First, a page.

Filing 39

MEMORANDUM AND OPINION. Signed by Judge Emmet G. Sullivan on September 23, 2016. (lcegs4)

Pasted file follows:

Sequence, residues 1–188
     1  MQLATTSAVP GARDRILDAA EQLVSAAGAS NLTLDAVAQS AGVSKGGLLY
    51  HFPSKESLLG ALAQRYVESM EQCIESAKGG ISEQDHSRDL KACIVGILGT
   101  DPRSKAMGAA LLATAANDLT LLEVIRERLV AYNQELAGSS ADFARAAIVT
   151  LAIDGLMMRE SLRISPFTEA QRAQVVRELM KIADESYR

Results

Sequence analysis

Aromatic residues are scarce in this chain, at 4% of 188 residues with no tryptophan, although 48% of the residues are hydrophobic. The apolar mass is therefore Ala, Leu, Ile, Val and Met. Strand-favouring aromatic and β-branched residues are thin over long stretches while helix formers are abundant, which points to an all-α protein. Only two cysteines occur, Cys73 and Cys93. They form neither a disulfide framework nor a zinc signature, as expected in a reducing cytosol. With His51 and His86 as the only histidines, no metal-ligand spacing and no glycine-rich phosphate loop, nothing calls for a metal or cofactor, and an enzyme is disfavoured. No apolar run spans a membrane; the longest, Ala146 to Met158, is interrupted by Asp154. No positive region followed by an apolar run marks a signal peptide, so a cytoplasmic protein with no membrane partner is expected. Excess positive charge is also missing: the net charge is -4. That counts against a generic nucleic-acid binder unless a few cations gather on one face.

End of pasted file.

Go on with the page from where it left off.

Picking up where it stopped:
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UNITED STATES DISTRICT COURT FOR THE DISTRICT OF COLUMBIA ______________________________ ) MARCUS MCDANIEL, ) ) Plaintiff, ) ) v. ) ) THOMAS VILSACK, ) Secretary of USDA, ) Defendant. ) ______________________________) Civil Action No. 12-723 (EGS) MEMORANDUM OPINION Plaintiff Marcus McDaniel worked as a Safety & Occupational Health Manager for the Natural Resources Conservation Service (“NRCS”) at the U.S. Department of Agriculture (“USDA”) from August 2008 to July 2009. Compl., ECF No. 1, ¶ 1. Mr. McDaniel (African-American) was terminated during his one-year probationary period for unsatisfactory performance and behavior. Id. On May 4, 2012, Mr. McDaniel filed a Complaint against the Secretary of Agriculture, Thomas Vilsack (“Secretary” or “Defendant”), alleging that Mr. McDaniel’s supervisors discriminated against him because of his race and sex by harassing him and terminating his employment in violation of Title VII of the Civil Rights Act of 1964, 43 U.S.C. § 2003, et seq., and 42 U.S.C. § 1981. Id. The Secretary has moved for summary judgment on the basis that Mr. McDaniel was lawfully terminated during his one-year probationary period for legitimate, non-discriminatory reasons, including his aggressive and unprofessional behavior. Def.’s Mem. Supp. Mot. Summ. J. (“Def.’s Mem. Supp.”), ECF No. 32 at 7. Defendant further maintains that Mr. McDaniel is unable to prove the stated reasons for his termination were actually pretext for racial or sexist animus. Id. 23-24. Upon review of Defendant’s motion, the responses and replies thereto, and for the reasons discussed below, Defendant’s Motion for Summary Judgment is GRANTED. 1 I. BACKGROUND A. Mr. McDaniel’s employment at NCRS Mr. McDaniel started working for NCRS on August 18, 2008 as its Safety and Occupational Health Manager, subject to a one-year probationary period. Compl. ¶ 4. Ms. Sandra McWhirter (African American) served as Mr. McDaniel’s immediate supervisor and Mr. John Glover (African American) served as his second level supervisor. Id. ¶ 7. Mr. McDaniel got along well with Ms. McWhirter and Mr. Glover. Id. In April 2009, Mr. McDaniel received a positive review from Ms. McWhirter. See ECF No. 35-10 at 1-8. Mr. McDaniel claims that “everything changed” in January 2009 when Mr. Glover, who served as the head of Human Resources (“HR”), was replaced by Ms. Eloris Speight (African American) 1 This case was randomly referred to the undersigned on April 6, 2016. See April 6, 2016 docket entry. - 2 - who “took an active dislike to plaintiff.” Id. ¶ 8. One point of contention between Ms. Speight and Mr. McDaniel was her concern about where his position should fall within the USDA’s organizational structure. McDaniel 2014 Dep., ECF NO. 32 at 80; 26: 6-20. Ms. Speight even directed Mr. McDaniel to research the question. Id. 73:21-22. Mr. McDaniel perceived Ms. Speight’s inquiry as a threat, alleging that Ms. Speight “threateningly pointed out to plaintiff that she could fire him at any time—— and for no reason at all——during his probationary period . . . .” Id. ¶ 10. In June 2009, Ms. McWhirter was replaced by Ms. Yevette Gray (African American) and Ms. Letitia Tommer (African American). After this transition, Mr. McDaniel alleges that “things became even more hostile” for him. Pl.’s Mem. Opp. at 3. The remainder of Mr. McDaniel’s Complaint includes sparse factual allegations. Mr. McDaniel summarily argues that “defendant, through his subordinate managers at the NRCS, discriminated against plaintiff based on his race and sex by (i) harassing him on the job (ii) preventing him from performing his duties and responsibilities, and (iii) terminating his employment with USDA and removing him from the Federal Service effective July 31, 2009.” Compl. ¶ 16. Although not alleged in his Complaint, Mr. McDaniel testified during his deposition that Ms. Speight told him that he is not white and should “stop acting white.” McDaniel Deposition, ECF No. 32 at 82; 32: 3-13. - 3 - Ms. Speight denies ever making such a statement. Speight Dep., ECF No. 35 at 23. Mr. McDaniel also testified that his termination was motivated by race and his gender because: The fact that me being articulate and wellversed in what I was doing was either unacceptable to Eloris, Yvette, and Tish, or unbelievable. So I assumed they had a common mind frame, like if – it can’t be what it looks like, so why are we to assume anything other than what Eloris is telling us, or why do we care, why don’t we look into it for ourselves. McDaniel 2011 Dep., ECF No. 32, 12-13. B. Concerns about Mr. McDaniel’s aggressive behavior and professionalism Numerous colleagues expressed concern about Mr. McDaniel’s aggressive and unprofessional behavior. Def.’s Mem. Supp., ECF No. 32 at 3-7. The reported incidents generally involved Mr. McDaniel acting unprofessionally by raising his voice to superiors, making inappropriate comments and displaying disrespectful body language during meetings. See e.g. Deposition of Denise Cooke (“Cooke 2011 Dep.”), ECF No. 32 at 25, Ex. 2 at 117:18 – 118:1 (“I heard his loud voice more than one time.”); Deposition of Eloris Speight (“Speight 2011 Dep.), ECF No. 32 at 37, Ex. 3 at 92:16 – 92:21 (testifying that Mr. McDaniel often raised his voice to the point that Ms. Speight felt that “she was not going to take his disrespect, you know, any longer.”). One incident was so disturbing that agency employees discussed whether they should call security. See e.g. Deposition of Sandra - 4 - Detter (“Detter 2011 Dep.”), ECF No. 32 at 53, Ex. 4 at 59:559:17 (“ I remember [] when I heard a loud and angry male voice coming through the wall from the next – from the office next door . . . the incident was unusual because it was not normal to be able to hear voices through the wall.”); Id. at 61:13-61:15 (“Well, I wonder[ed] what’s going on, Denise said you need to call – should we call security, you know, we don’t know – we didn’t know what to do.”). Mr. McDaniel does not deny that he raised his voice to his supervisors, but testified that “I would not have said anything in a threatening manner.” Deposition of Marcus McDaniel (“McDaniel 2014 Dep.”), ECF No. 32 at 86, Ex. 9. Several female staff members testified that they felt “afraid” of Mr. McDaniel, particularly because they believed he was allowed to carry a gun for his duties. Cooke Dep., ECF No. 32 at 34; 121:11-122:10 (“Q. Then on what basis where you afraid of him? A. Because I heard him expressing a loud voice. [] He seemed to have something pinned up or built up inside of him and I felt intimidated.”) Some staff members created an escape plan in the event Mr. McDaniel “snapped” and turned violent. Cooke 2011 Dep. at 119:8–119:19 (“He put me in fear that he might snap” and “if he snapped, I’m not sure what he might do.”). Mr. McDaniel was also prone to acting unprofessionally in meetings. Detter 2011 Dep., ECF No. 32 at 55; 18:10-18:19; 23:14-23:17. Mr. McDaniel would throw himself back in his chair, - 5 - roll his eyes, and sigh. Id., ECF No. 32 at 59; 54: 5-10 (“at the time, I had a teenage daughter at home – and he was acting just like her, and I thought it was just disrespectful.”). Several employees also observed and reported Mr. McDaniel’s rude and inappropriate behavior towards his supervisor, Ms. Speight. Deposition of Rebecca Rogenbuck (“Rogenbuck Dep.”), ECF No. 32 at 6, 60:18-61:13 (“Q: And when he told you that he said this to her, what was your opinion of that communication by Mr. McDaniel? A: I thought that was a rude thing to say to a supervisor.”). C. Mr. McDaniel’s termination Toward the end of Mr. McDaniel’s probationary period, Ms. Speight conducted a meeting of his current supervisors and other HR personnel to discuss whether Mr. McDaniel passed his probationary period. Speight Dep., ECF No. 32 at 42 -43. At that meeting, no disagreement was expressed with the recommendation to terminate Mr. McDaniel, whose termination letter stated, in part: Based on feedback received from management, it has been determined that your conduct in performing your job has been unsatisfactory. During your short tenure with the Agency, you have demonstrated an unwillingness to accept direction and accomplish work items as prescribed. Moreover, the manner in which you have behaved in dealings with management and other agency personnel related to such matters as Environmental Management Systems (EMS), interagency contract acquiring Employee - 6 - Assistance Program (EAP) and Office of Workers’ Compensation (OWCP) services, etc., has been challenging and unprofessional. It is our determination that during your probationary period you have failed to demonstrate your potential to be an asset to the agency. McDaniel Termination Letter, ECF No. 32-1 at 72. In support of this litigation, Mr. McDaniel obtained affidavits from Mr. Glover and Ms. McWhirter. Glover Aff., ECF No. 35, Ex. 12; McWhirter Aff., ECF No. 35, Ex. 13. Mr. Glover states that “[d]uring the time I was his second line supervisor, I had no issues or concerns with [Mr. McDaniel’s] performance, conduct or attitude.” Glover Aff. at 2. Ms. McWhirter noted that she gave Mr. McDaniel a positive April 2009 review, rating him “fully successful.” McWhirter Aff. at 3. Ms. McWhirter also stated that she never received any Complaints about Mr. McDaniel until Ms. Speight became Acting Director. Id. Both Mr. Glover and Ms. McWhirter state that they do not have a basis to conclude that Mr. McDaniel was terminated because of his race or sex. Glover Aff. at 5; McWhirter Aff. at 6. II. DISCUSSION A. Summary Judgment Standard Under Rule 56 of the Federal Rules of Civil Procedure, summary judgment is appropriate if the pleadings on file, together with the affidavits, if any, show that there is no genuine issue as to any material fact and that the moving party - 7 - is entitled to judgment as a matter of law. Fed. R. Civ. P. 56(c). Material facts are those that “might affect the outcome of the suit under the governing law.” Anderson v. Liberty Lobby, Inc., 477 U.S. 242, 248 (1986). The party seeking summary judgment bears the initial burden of demonstrating an absence of a genuine issue of material fact. Celotex Corp. v. Catrett, 477 U.S. 317, 322 (1986); Tao v. Freeh, 27 F.3d 635, 638 (D.C. Cir. 1994). In considering whether there is a triable issue of fact, the court must draw all reasonable inferences in favor of the nonmoving party. Tao, 27 F.3d at 638. The non-moving party's opposition, however, must consist of more than mere unsupported allegations or denials and must be supported by affidavits or other competent evidence setting forth specific facts showing that there is a genuine issue for trial. Fed. R. Civ. P. 56(e); see Celotex Corp., 477 U.S. at 324. In employment discrimination cases, summary judgment is appropriate “where either evidence is insufficient to establish a prima facie case, or, assuming a prima facie case, there is no genuine issue of material fact that the defendant's articulated non-discriminatory reason for the challenged decision is pretextual.” Paul v. Fed. Nat'l Mortgage Ass'n, 697 F. Supp. 541, 553 (D.D.C. 1988) (citations omitted). - 8 - B. Termination of probationary employees under 5 C.F.R. § 315.803-04 Federal regulations require that agencies “shall utilize the probationary period as fully as possible to determine the fitness of the employee and shall terminate his services during this period if he fails to demonstrate fully his qualifications for continued employment.” 5 C.F.R. § 315.803. As reasoned by the Fifth Circuit: There is ample basis for Congress's concluding that a healthy Civil Service System . . . would itself be jeopardized or weakened by denying the Government the benefit available in nearly all selective programs of testing the competency and capacity of the new employee during a fixed but limited probationary or trial period. Jaeger v. Freeman, 410 F.2d 528, 531 (5th Cir. 1969). An agency must terminate probationary employees during their trial period if the employee “fails to demonstrate his fitness or his qualifications for continued employment . . . .” 5 C.F.R. § 315.804; see also Stanton v. Reukauf, 10-CV-633 RLW, 2012 WL 379931, at *5 (D.D.C. Feb. 6, 2012), aff'd, 12-5390, 2013 WL 3357807 (D.C. Cir. June 20, 2013) (noting that managers have maximum discretion to retain or remove probationary employees) (citations omitted). C. Title VII and Section 1981 Title VII of the Civil Rights Act of 1964 prohibits adverse - 9 - employment actions on the basis of “race, color, religion, sex or national origin.” See 42 U.S.C. § 2000e-2(a)(1). 2 Race discrimination claims under Section 1981 require proof of intentional discrimination. 42 U.S.C. § 1981. Both Title VII and Section 1981 claims may be proven through direct evidence, or with indirect evidence using the McDonnell Douglas burdenshifting framework. Robinson v. Chao, 403 F. Supp. 2d 24, 33 (D.D.C. 2005) (citation omitted). Courts have not explicitly defined what constitutes “direct evidence,” but “it is clear that at a minimum, direct evidence does not include stray remarks in the workplace, particularly those made by nondecision-makers or statements made by decisionmakers unrelated to the decisional process itself.” Brady v. Livingood, 456 F. Supp. 2d 1 at 6 (D.D.C. 2006) (quoting Ayala-Gerena v. Bristol Myers-Squibb Co., 95 F.3d 86, 96 (1st Cir. 1996)) (internal quotations and citations omitted); see also Price Waterhouse v. Hopkins, 490 U.S. 228, 251-52 2 Although Mr. McDaniel alleges in his complaint that he was unlawfully terminated due to his race and gender, his Opposition Memorandum mentions gender discrimination once in a footnote: “Ms. Speight’s comment by a Black female to a Black male suggest gender bias as well.” Pl.’s Mem. Opp., ECF No. 35 at 10. This conclusory allegation is insufficient to prevail on summary judgment because other than the fact that a majority of his colleagues were black women, Mr. McDaniel cites no specific facts sufficient to support an “inference of discrimination” based on his gender. - 10 - (O’Connor, J., concurring) (noting that while potentially probative of discrimination, “stray remarks do not satisfy a plaintiff’s burden of proving discrimination by direct evidence.”). Where direct evidence of discrimination is not present, a plaintiff may indirectly prove discrimination through the McDonnell Douglas burden-shifting framework. First, the plaintiff must make a prima facie case of racial discrimination by presenting credible facts. McDonnell Douglas Corp. v. Green, 411 U.S. 792 (1973); Abdelkarim v. Tomlinson, 605 F. Supp. 2d 116, 120-21 (D.D.C. 2009). 3 Once a prima facie case has been made, the burden shifts to the defendant to rebut the presumption of discrimination by “producing evidence that the adverse employment action were taken for a legitimate, nondiscriminatory reason.” Id. Finally, if the rebuttal is 3 A plaintiff makes out a prima facie case of race discrimination under Title VII and Section 1981 by establishing that (1) he is a member of a protected class; (2) he suffered an adverse employment action; and (3) the unfavorable action gives rise to an inference of discrimination. Id. Etoh v. Fannie Mae, 883 F. Supp. 2d 17, 35 (D.D.C. 2011) (citing Royall v. Nat’l Ass’n of Letter Carriers, 548 F.3d 137, 144 (D.C. Cir. 2008); see also Chao, 403 F. Supp. 2d at 33 (“The standards and order of proof in section 1981 cases have been held to be identical to those governing Title VII disparate treatment cases.”) (citation omitted). - 11 - successful, the burden shifts back to the plaintiff to show that the employer’s nondiscriminatory reason was pretext. Id. However, where the defendant asserts a legitimate, nonretaliatory explanation for the alleged adverse actions, “the district court should . . . proceed[] to the ultimate issue of [discrimination] vel non instead of evaluating whether [plaintiff] made out a prima facie case.” Jones v. Bernanke, 557 F.3d 670, 678 (D.C. Cir. 2009) (citing United States Postal Service Bd. Of Governors v. Aikens, 460 U.S. 711, 716 (1983) (holding that once an employer asserts a legitimate, nondiscriminatory reason for its action, it “has done everything that would be required . . . if the plaintiff had properly made out a prima facie case,” so “whether the plaintiff really did so is no longer relevant.”)). Here, Mr. McDaniel’s performance and behavior issues cited by Defendant constitute legitimate non-discriminatory reasons for his termination. Therefore, the question before the Court is whether Mr. McDaniel has alleged sufficient facts for a reasonable jury to agree with him that Defendant’s stated reasons for his termination were in fact pretext for racial discrimination. Pardo-Kronenmann v. Donovan, 601 F. 3d 599, 603604 (D.C. Cir. 2010) (holding that once a non-discriminatory reason is given for an employer’s action, “the sole remaining question” becomes “whether, based on all of the evidence, a - 12 - reasonable jury could conclude that [defendant’s] proferred reason for the [action] was pretext for [discrimination].”) D. Mr. McDaniel’s racial discrimination claim fails Defendant argues that it was required to terminate Mr. McDaniel during his probationary period because of his unsatisfactory performance and behavior. Def.’s Mem. Supp. at 22. Mr. McDaniel does not respond to Defendant’s probationary period argument. See generally Pl.’s Mem. Opp. Instead, Mr. McDaniel argues that Ms. Speight’s alleged comments that he should “stop acting white” and that she was going to “get rid of him” constitute direct, or in the alternative, circumstantial evidence of discrimination. Pl.’s Mem. Opp. at 8. Mr. McDaniel’s alleged direct and circumstantial evidence will be analyzed in turn. 1. Ms. Speight’s alleged statements do not constitute direct evidence of discrimination Mr. McDaniel alleges that he was told he “would likely suffer an adverse employment action at the same time he was reminded that the decision maker considered his race (color) an issue by making an invidious reference to his not being ‘white.’” Id. at 12-13. However, the record evidence does not support Mr. McDaniel’s contention. First, Mr. McDaniel misrepresents the context of Ms. Speight’s alleged “get rid of you” statements; and second, no evidence in the record——not even - 13 - Mr. McDaniel’s deposition testimony——supports a finding of temporal proximity between the two statements. Mr. McDaniel’s own testimony confirms that the context of Ms. Speight’s comments about “getting rid of” him were made in reference to where his position should fall on the NCRS’s organizational chart. McDaniel 2014 Dep., ECF No. 32 at 80; 26: 6-20. During Mr. McDaniel’s 2011 deposition, he testified that he could not remember the exact dates, but that Ms. Speight told him several times that she was “going to get rid of you, either you or your job is going to go or both, safety and health is not a function, you are not going to be part of Human Resources.” McDaniel 2011 Dep., ECF No. 32 at 8; 68: 8-13. Mr. McDaniel also testified that Ms. Speight mentioned in a meeting with several other people that “safety may be moving away to a different department.” Id. at 9; 73: 18-20. Ms. Speight even had Mr. McDaniel complete research to see where his position was typically located in other agencies. Id.; 73: 21-22. Mr. McDaniel’s Complaint also mentions these facts. Compl. ¶ 10 (“Ms. Speight claimed not to approve of having NRCS’s Safety & Occupational Health Manager job . . . within the agency’s HR unit . . . .”). 4 As noted above, Mr. McDaniel does not allege 4 Mr. McDaniel alleges that Ms. Speight “often threateningly pointed out to plaintiff that she could fire him at any time – for no reason all – during his probationary period . . . .” Compl. ¶ 10. Although arguably unkind, Ms. Speight’s alleged - 14 - that Ms. Speight made the “stop acting white” comment in his Complaint. See generally Compl. Moreover, Mr. McDaniel does not allege in his Complaint, nor did he testify during his 2011 or 2014 depositions, that Ms. Speight’s “get rid of” and “stop acting white” comments were made contemporaneously. Id. Whereas Mr. McDaniel testified that Ms. Speight made comments about the placement of his position “several times,” he alleges that she made the “stop acting white” comment only “on one occasion.” McDaniel 2011 Dep., ECF No. 32 at 8; 68: 8-13. Thus, it is only in Mr. McDaniel’s response brief to Defendant’s motion that the theory of a relationship between Ms. Speight’s “get rid of” and “stop acting white” comments is suggested. See generally Pl.’s Mem. Opp. Based on the record evidence before the Court, no reasonable juror could agree with Mr. McDaniel’s argument that there is evidence of a temporal relationship between Ms. Speight’s alleged “get rid of” and “stop acting white” statements. Absent such a temporal nexus, the comments do not constitute direct evidence of racial animus. statement was accurate and does not evidence unlawful discrimination. See e.g., Yu, 28 Fed. Appx. at 970 (holding that an agency “need not show unsatisfactory performance in order to discontinue employment during a probationary period.”). - 15 - The Court must also consider whether Ms. Speight’s alleged “stop acting white” statement independently constitutes direct evidence of racial discrimination. Because Mr. McDaniel does not allege the statement was made in reference to the decision to terminate Mr. McDaniel, the statement cannot be considered direct evidence of racial discrimination. See McDaniel 2011 Dep., ECF No. 32 at 8; 68: 8-13; Plummer v. Safeway, Inc., Civ. No. 93-0316 (PLF), 1995 WL 129100, at *4 (D.D.C. Mar. 17, 1995) (describing direct evidence of racial animus as “statements that the plaintiff is being fired because of his race or gender.”). This critical fact distinguishes this case from Ayissi-Etoh v. Fannie Mae, the principal case relied on by Mr. McDaniel to support his argument of direct racial discrimination. Pl.’s Mem. Opp., ECF No. 35 at 9. In Ayissi-Etoh, the D.C. Circuit reversed the District Court’s granting of summary judgment on a racial discrimination claim where a superior was alleged to have justified not giving an African American employee a pay raise by stating, “for a young black man like you, we are happy to have your expertise, I think I’m already paying you a lot of money.” 712 F.3d 572, 576 (D.C. Cir. 2013). Although the employer denied making the statement, the Circuit concluded that the “young black man” statement made in this context was sufficient direct evidence of discrimination entitling Ayissi-Etoh to a jury trial. Id. at - 16 - 577-78. Critically, the alleged statement in Ayissi-Etoh was evidence of racial animus related (directly) to the adverse action (i.e. no pay raise for the “young black man”). Here, Mr. McDaniel alleges that Ms. Speight told him to “stop acting white,” but Mr. McDaniel does not allege a specific date that this statement was made, nor does he draw a legitimate connection between the alleged “stop acting white” statement and his termination. McDaniel 2011 Dep., ECF No. 32 at 8; 68: 8-13. Again, Mr. McDaniel fails to allege that Ms. Speight made the “stop acting white” comment in his compliant. For these reasons, Mr. McDaniel fails to establish any direct evidence of racial discrimination. 2. Mr. McDaniel fails to show that Ms. Speight’s alleged “stop acting white” comment is indirect evidence of racial discrimination Mr. McDaniel may still establish that the reasons given for his termination were pretext for actual racial animus through indirect, circumstantial evidence. The Court must analyze whether a jury “could infer discrimination from the combination of (1) the plaintiff's prima facie case; (2) any evidence the plaintiff presents to attack the employer's proffered explanation for its actions; and (3) any further evidence of discrimination that may be available to the plaintiff ... or any contrary evidence that may be available to the employer.” Wheeler v. Georgetown Univ. Hosp., 812 F.3d 1109, 1115 (D.C. - 17 - Cir. 2016) (quoting Aka v. Washington Hosp. Ctr., 156 F.3d 1284, 1289 (D.C. Cir. 1998) (en banc)). Mr. McDaniel’s argument that Ms. Speight’s alleged “stop acting white” comment creates an issue of triable fact for a jury as indirect evidence of racial animus fails for the same reasons that the statement alone does not constitute evidence of direct racial animus. As highlighted by Mr. McDaniel, a remark can “provide an inference of discrimination when the remark was (1) made by the decision maker; (2) around the time of the decision; and (3) in reference to the adverse employment action.” Pl.’s Mem. Opp. at 10; quoting Hemsworth v. Quotesmith.Com, Inc., 476 F.3d 487, 491 (7th Cir. 2007). As discussed above, Mr. McDaniel does not allege that the “stop acting white” statement was made around the time of the decision to terminate him, or in reference to his termination. Ms. Speight’s alleged “stop acting white” statement therefore does not alone establish pretext. 3. Mr. McDaniel’s other arguments related to pretext fail Mr. McDaniel makes several other arguments relating to pretext. Mr. McDaniel could establish a triable issue relating to pretext by demonstrating that the employer treated similarly situated employees outside of Mr. McDaniel’s protected class more favorably, a showing of inconsistent or dishonest explanations, deviation from established procedures or criteria, - 18 - or a pattern of poor treatment of employees in the same protected group as Mr. McDaniel. Id.; See also Royall v. Nat'l Ass'n of Letter Carriers, AFL–CIO, 548 F.3d 137, 144 (D.C.Cir.2008) (“A plaintiff, who retains the burden of persuasion throughout, may show pretext in a number of ways, including by offering evidence of more favorable treatment of similarly situated persons who are not members of the protected class or that the employer is lying about the proffered justification.” (citation omitted)). a. Mr. McDaniel cites no evidence that similarly situated employees were treated more favorably Mr. McDaniel argues that a jury could find that Ms. Speight concealed her termination of another male employee for similar “misconduct.” Pl.’s Mem. Opp. at 20. However, Mr. McDaniel does not explain how this fact supports his theory of termination based on pretext. Id. Indeed, only if white employees who demonstrated similar behavior and performance problems were not terminated within their probationary periods would Mr. McDaniel be able to show pretext via inconsistent treatment of those similarly situated individuals. McKenna v. Winberger, 729 F. 2d 783 (D.C. Cir. 1984) (holding that a probationary employee was not similarly situated to a permanent employee and noting that agency regulations “mandated that probationary employees with serious performance problems were to be terminated, even if - 19 - those problems would not have been good cause for terminated a permanent employee”). Mr. McDaniel does not attempt to show that similarly situated probationary employees who were not African American were treated more favorably. See generally, Pl.’s Mem. Opp. Indeed, the only relevant evidence in the record favors Defendant. Ms. Speight was asked during her deposition if she terminated any other employees during their probationary period. Speight Dep., ECF No. 32 at 52; 158-161. She confirmed that she terminated close to ten individuals during their probationary period. Id. Ms. Speight specifically testified that she was delegated the authority to terminate a white male during his probationary period for similar behavior displayed by Mr. McDaniel——disrespectful body language and being argumentative with the head of the agency. Id. Because Mr. McDaniel has failed to produce any evidence of similarly situated employees not part of his protected class who were treated more favorably during their probationary periods, no reasonable juror could conclude his termination was pretext for racial discrimination on this basis. b. Conflicting testimony about who decided to terminate Mr. McDaniel does not establish pretext Mr. McDaniel argues that Ms. Speight made a “knowingly false” statement related to who made the decision to terminate - 20 - him. Pl.’s Mem. Opp. at 11 (citing Ms. Speight’s Affidavit “I did not made the decision to terminate Mr. McDaniel.”). Mr. McDaniel points to the testimony of Ms. Gray and Ms. Toomer who later testified that Ms. Speight did make the termination decision. Id. Mr. McDaniel cites Evans v. Sebelius for the proposition that “conflicting testimony regarding who made the decision to take the adverse employment action is ‘precisely the type of factual dispute that must be resolved in a jury room rather than in the pages of the Federal Reporter.’” Id. at 12 (quoting Evans, 716 F.3d 617, 622-23 (D.C. Cir. 2013)). Mr. McDaniel’s parenthetical summary of Evans is misleading. First, Mr. McDaniel fails to acknowledge that Evans was a career federal employee, not a new federal employee in her probationary period like Mr. McDaniel. Evans, 716 F.3d at 618. Second, the Circuit concluded there was a triable issue of fact for a jury to decide based on at least three major substantive pieces of evidence, none of which are present in an equivalent way here. The entirety of the Circuit’s reasoning in Evans speaks for itself: In the end, the record supports two plausible interpretations of what happened. One view, urged by Evans, is that Morrissey decided not to create the position because Evans and another African American had been selected to fill the two spots. The other view, urged by the government, is that no one in the incoming Administration championed the creation of the LDDS position. As an appellate court reviewing - 21 - the district court's grant of summary judgment, we have no authority to choose between these competing views. Given our “obligation to draw reasonable inferences in [Evans's] favor,” Salazar, 401 F.3d at 509, and given the record evidence that HHS (1) promoted whites but not African Americans during the hiring controls, (2) offered inconsistent and inaccurate explanations, and (3) is unable to identify who cancelled the LDDS position, a reasonable jury, especially in light of Powell's testimony about Morrissey's and McCormick's comments, could find the Secretary's proffered explanation to be nothing more than a veil for racial discrimination. Ultimately, this is precisely the type of factual dispute that “must be resolved in a jury room rather than in the **56 *623 pages of the Federal Reporter.” Czekalski v. Peters, 475 F.3d 360, 362 (D.C.Cir.2007). Id. at 617, 622–23. Mr. McDaniel cites to no authority where a dispute about who actually terminated a probationary federal employee alone created a triable issue of fact for a jury to consider. c. Mr. McDaniel fails to show that an alleged shift in the justification for his termination shows pretext Mr. McDaniel next argues that Ms. Speight’s shifting justification from a critique of his performance to “her personal and subjective feels [sic] about his ‘conduct’ would support a jury finding of pretext and an inference of discrimination.” Pl.’s Mem. Opp. at 14. Mr. McDaniel cites to Aka v. Washington Hosp. Ctr. for the proposition that - 22 - courts treat an employer’s “subjective considerations with caution.” 156 F.3d 1284, 1298 (D.C. Cir. 1998). Mr. McDaniel’s application of this principle is again, however, taken out of context. The Aka case dealt with alleged age and disability discrimination based on Defendant Washington Hospital Center’s failure to re-hire Mr. Aka for a new position after he had heart surgery due to what one individual perceived as a “lack of enthusiasm” expressed by Mr. Aka for the new position. Id. In contrast, Mr. McDaniel’s behavior in the workplace, including raising his voice and expressing dismissive body language to superiors, was observed by several employees. See e.g. Cooke 2011 Dep., ECF No. 32 at 25, Ex. 2 at 117:18 – 118:1; Detter 2011 Dep., ECF No. 32 at 53, Ex. 4 at 59:5-59:17 (“I remember [] when I heard a loud and angry male voice coming through the wall from the next – from the office next door . . . the incident was unusual because it was not normal to be able to hear voices through the wall.”). Moreover, even if Mr. McDaniel’s contention that Ms. Speight “was the only official . . . to desire that Mr. McDaniel be removed from his position,” is true, it does not create a triable issue of fact for a jury because Mr. McDaniel cites to no authority prohibiting a manager at a federal agency from terminating an individual during their probationary period for unprofessional behavior in the workplace. Id. at 12; see - 23 - also Francis v. Dist. of Columbia, 731 F. Supp. 2d 56, 71 (D.D.C. 2010) (“[T]he issue is not ‘the correctness or desirability of [the] reasons offered ... [but] whether the employer honestly believes in the reasons it offers.’”)(quoting McCoy v. WGN Continental Broadcasting Co., 957 F.2d 368, 373 (7th Cir. 1992)). d. Mr. McDaniel’s allegations of a conspiracy do not establish pretext Finally, Mr. McDaniel argues that the record evidence presents a triable issue of material fact relating to whether Ms. Speight was “intimidated by and resented Mr. McDaniel as a young, well-educated, African American male professional, and whether because of her animus against Mr. McDaniel she fired him based upon fabricated reasons.” Pl.’s Mem. Opp. at 26. Mr. McDaniel alleges the other managers were similarly intimated and convinced by Ms. Speight to participate in a cover up of the racial animus driving his termination. Id. 23-24. Defendant maintains that this argument is mere speculation. Def.’s Reply at 17. The Court agrees. Mr. McDaniel “assumed” that those involved in the decision to terminate him (Ms. Gray and Ms. Toomer) “had a common mind frame” as Ms. Speight and discriminated against him with “the same ideology, that it was not possible for a young, black male to inform her of whether it be the EMS or anything else related - 24 - to safety . . . .” McDaniel 2011 Dep., ECF No. 32, 12-13; 116:414. Beyond these assumptions and speculation, Mr. McDaniel offers no evidence in the record or allegations related to a conspiracy orchestrated by Ms. Speight and the other managers to terminate him based on his status as a successful African American male. Thus, Mr. McDaniel’s effort to show pretext based on a conspiracy led by Ms. Speight fails. Ryan v. Reno, 168 F.3d 520, 524 (D.C. Cir. 1999) (“[t]he more valid a reason appears upon evaluation, the less likely a court will be to find that reason pretextual.”) (quoting Brazil v. United States Dep't of Navy, 66 F.3d 193, 197 (9th Cir.1995)). For all of these reasons, Mr. McDaniel’s effort to show that the reasons given for his termination were pretext for unlawful discrimination fail. See Anderson v. Liberty Lobby, Inc. 477 U.S. 242, 249-50 (1986) (noting that where the evidence is merely colorable, or is not significantly probative, summary judgment may be granted); Brady, 520 F. 3d 490 at 495 (“If the employer’s stated belief about the underlying facts is reasonable in light of the evidence, however, there ordinarily is no basis for permitting the jury to conclude that the employer is lying about the underlying facts.”). 4. CONCLUSION For the foregoing reasons, and because there is no genuine issue of material fact that the defendant's articulated non- 25 - discriminatory reason for the challenged decision is pretextual, Defendant’s Motion for Summary Judgment is GRANTED. An Order accompanies this Memorandum Opinion, filed this same day. SO ORDERED. Emmet G. Sullivan United States District Court September 23, 2016. - 26 -